[plt-scheme] mathematical logic (was the perfect teaching language)

From: Stephen Bloch (sbloch at adelphi.edu)
Date: Tue Jun 16 14:22:08 EDT 2009

On Jun 15, 2009, at 8:11 PM, I wrote:

> On Jun 15, 2009, at 2:40 PM, Arthur Nunes-Harwit wrote:
>> While Russell & Whitehead's theory to avoid the paradox involved a  
>> hierarchy, the set theories that were widely embraced (eg Zermelo- 
>> Fraenkel and von_Neumann-Bernays-Goedel) had little or no hierarchy.
> Russell & Whitehead's hierarchical approach failed; Goedel showed a  
> way around any such system if you've got enough arithmetic to  
> encode proofs about numbers as numbers.  I don't remember exactly  
> how vNBG or ZF get around this.

Arthur was kind enough to straighten me out on this.  I was foolishly  
conflating two different issues: Russell's paradox and Goedel  
incompleteness.  They sort-of intersect in the Principia Mathematica,  
which introduced a hierarchy of sets in order to avoid Russell's  
paradox, and which also hoped to build a complete and consistent  
proof system.

Russell's paradox demonstrates that if you have a "set of all sets",  
and you also have a reasonable comprehension axiom, these lead to an  
actual semantic contradiction.  There is no model that simultaneously  
satisfies both of these, because it would make a particular statement  
both true and false in that model.  Russell & Whitehead introduced a  
hierarchy of sets that successfully avoided this problem.

Goedel's first incompleteness theorem has a different feeling: if you  
have enough power to encode and decode sequences that you can  
interpret as proofs in a formal system, you can have perfectly good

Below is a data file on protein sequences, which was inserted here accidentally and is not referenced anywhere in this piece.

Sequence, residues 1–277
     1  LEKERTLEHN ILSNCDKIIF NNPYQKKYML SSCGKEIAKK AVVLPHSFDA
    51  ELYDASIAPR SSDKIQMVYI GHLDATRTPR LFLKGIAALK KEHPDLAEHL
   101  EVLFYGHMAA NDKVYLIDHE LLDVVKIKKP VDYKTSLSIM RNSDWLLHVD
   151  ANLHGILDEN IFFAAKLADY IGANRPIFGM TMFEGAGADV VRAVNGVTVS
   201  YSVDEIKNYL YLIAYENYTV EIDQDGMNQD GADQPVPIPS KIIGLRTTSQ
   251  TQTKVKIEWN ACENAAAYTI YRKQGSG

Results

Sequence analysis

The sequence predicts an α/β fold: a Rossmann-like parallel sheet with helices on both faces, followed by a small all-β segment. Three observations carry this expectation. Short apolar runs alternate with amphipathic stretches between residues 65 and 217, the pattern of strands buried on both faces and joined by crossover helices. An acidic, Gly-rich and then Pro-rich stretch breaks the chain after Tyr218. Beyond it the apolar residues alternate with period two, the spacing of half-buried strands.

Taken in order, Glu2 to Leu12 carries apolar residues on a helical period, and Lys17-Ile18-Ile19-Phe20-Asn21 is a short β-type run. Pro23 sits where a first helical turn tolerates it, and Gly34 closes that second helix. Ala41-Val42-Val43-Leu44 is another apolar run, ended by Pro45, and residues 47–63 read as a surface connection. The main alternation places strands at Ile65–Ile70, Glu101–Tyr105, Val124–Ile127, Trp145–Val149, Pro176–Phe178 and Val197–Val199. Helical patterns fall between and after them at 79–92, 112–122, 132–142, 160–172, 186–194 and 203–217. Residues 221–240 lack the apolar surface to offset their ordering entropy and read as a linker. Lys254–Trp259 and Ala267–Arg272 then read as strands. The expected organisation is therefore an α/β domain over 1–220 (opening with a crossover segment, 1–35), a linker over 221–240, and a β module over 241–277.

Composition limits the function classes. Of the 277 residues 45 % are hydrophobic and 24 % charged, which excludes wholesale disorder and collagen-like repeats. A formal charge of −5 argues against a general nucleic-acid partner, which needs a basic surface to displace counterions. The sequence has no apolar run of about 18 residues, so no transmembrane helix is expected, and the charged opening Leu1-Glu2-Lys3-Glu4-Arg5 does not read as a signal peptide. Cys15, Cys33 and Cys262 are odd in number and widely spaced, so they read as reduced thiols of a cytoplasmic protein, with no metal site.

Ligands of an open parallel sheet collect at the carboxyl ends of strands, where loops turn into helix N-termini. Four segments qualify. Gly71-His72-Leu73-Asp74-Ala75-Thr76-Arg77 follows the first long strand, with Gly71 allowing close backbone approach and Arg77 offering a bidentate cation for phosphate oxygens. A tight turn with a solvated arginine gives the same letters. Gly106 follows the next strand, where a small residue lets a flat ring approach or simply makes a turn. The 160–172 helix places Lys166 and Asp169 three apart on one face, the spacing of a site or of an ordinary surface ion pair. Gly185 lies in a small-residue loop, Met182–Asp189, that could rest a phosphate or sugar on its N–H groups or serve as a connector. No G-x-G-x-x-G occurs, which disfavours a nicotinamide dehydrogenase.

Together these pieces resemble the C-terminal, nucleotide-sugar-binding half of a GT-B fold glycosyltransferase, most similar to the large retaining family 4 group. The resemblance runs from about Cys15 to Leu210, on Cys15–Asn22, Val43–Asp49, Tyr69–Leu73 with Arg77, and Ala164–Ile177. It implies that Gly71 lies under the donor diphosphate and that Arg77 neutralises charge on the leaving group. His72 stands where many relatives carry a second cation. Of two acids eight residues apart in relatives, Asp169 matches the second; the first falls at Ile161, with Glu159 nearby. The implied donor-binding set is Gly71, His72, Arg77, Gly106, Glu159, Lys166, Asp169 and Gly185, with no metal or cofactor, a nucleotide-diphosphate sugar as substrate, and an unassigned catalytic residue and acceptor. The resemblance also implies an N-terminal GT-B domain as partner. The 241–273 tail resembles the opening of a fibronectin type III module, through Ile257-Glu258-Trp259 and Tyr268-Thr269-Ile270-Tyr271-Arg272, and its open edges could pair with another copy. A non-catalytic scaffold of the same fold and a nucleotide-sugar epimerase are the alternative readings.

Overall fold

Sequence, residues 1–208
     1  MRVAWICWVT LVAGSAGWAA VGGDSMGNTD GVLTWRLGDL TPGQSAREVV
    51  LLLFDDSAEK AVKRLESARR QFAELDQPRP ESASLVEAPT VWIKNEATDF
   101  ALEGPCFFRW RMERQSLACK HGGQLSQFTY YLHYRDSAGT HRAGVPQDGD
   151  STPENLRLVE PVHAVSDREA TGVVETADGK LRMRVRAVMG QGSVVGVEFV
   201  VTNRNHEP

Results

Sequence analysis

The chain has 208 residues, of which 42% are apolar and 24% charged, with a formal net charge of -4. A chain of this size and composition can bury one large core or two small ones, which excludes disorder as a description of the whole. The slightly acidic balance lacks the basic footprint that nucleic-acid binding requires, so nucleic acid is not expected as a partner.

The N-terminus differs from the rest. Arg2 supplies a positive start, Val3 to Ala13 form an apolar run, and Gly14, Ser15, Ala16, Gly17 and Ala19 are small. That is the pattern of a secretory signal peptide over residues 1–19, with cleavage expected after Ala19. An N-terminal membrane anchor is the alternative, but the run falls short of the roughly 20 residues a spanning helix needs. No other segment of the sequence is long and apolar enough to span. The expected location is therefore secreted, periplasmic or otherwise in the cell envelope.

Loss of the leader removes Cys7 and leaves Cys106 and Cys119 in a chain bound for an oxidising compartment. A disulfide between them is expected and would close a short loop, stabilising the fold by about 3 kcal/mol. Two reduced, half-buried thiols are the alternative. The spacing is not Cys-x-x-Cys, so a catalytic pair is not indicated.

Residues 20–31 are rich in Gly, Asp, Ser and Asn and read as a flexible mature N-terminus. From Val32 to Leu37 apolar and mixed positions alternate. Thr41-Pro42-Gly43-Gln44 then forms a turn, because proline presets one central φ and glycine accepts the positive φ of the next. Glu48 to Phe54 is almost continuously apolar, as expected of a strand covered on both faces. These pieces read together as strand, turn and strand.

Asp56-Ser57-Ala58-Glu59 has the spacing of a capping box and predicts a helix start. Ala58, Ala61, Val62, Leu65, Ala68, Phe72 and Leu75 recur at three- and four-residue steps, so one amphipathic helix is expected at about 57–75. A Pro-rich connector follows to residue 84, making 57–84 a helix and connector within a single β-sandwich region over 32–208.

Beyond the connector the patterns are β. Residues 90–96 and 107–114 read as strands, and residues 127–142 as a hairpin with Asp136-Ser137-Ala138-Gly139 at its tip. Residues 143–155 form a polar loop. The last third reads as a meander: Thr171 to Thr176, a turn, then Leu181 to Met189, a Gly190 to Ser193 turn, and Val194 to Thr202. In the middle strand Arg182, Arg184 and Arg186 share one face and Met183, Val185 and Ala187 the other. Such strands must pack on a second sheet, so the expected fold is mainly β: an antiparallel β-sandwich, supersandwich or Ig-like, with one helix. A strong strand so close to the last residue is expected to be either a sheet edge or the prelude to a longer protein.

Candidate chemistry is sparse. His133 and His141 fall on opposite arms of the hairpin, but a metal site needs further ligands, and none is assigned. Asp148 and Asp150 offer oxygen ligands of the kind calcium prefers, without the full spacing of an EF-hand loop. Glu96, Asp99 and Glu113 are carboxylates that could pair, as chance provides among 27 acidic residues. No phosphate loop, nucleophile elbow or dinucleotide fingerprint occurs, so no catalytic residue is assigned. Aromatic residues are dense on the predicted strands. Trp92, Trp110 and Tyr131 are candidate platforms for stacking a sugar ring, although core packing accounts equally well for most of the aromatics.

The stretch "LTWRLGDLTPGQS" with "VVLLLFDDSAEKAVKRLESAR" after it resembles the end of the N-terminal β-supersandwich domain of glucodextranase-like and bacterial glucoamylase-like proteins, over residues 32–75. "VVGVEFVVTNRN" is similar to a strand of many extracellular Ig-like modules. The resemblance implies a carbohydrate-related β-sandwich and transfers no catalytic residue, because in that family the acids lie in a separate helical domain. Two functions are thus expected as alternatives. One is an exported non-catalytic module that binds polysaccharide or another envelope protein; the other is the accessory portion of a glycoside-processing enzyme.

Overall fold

models (among which, we'd like to think, is ordinary arithmetic), but  
there's a statement which is both true (in all models) and UNPROVABLE  
in this system.

Russell & Whitehead were well aware of the "liar's paradox", in which  
a statement says "this statement is false."  Any language in which  
such a statement is even expressible has problems.  The related but  
different statement "this statement cannot be proven in such-and-such  
formal system" is less toxic: it doesn't make things unsatisfiable,  
but only demonstrates that formal system to be incomplete.  I don't  
think Russell & Whitehead even worried about the latter, since (they  
thought) a statement can't talk about its own provability.  This last  
assumption is where Goedel proved them wrong.

BTW, there's a fascinating "graphic novel" (i.e. "comic book for  
grown-ups") entitled _Logicomix_, just released or about to be  
released, about mathematical logic in the early 20th century.   
Bertrand Russell is the main protagonist; Cantor, Frege,  
Wittgenstein, Goedel, Whitehead, Hilbert, etc. are other major  
supporting characters.

Stephen Bloch
sbloch at adelphi.edu

Posted on the users mailing list.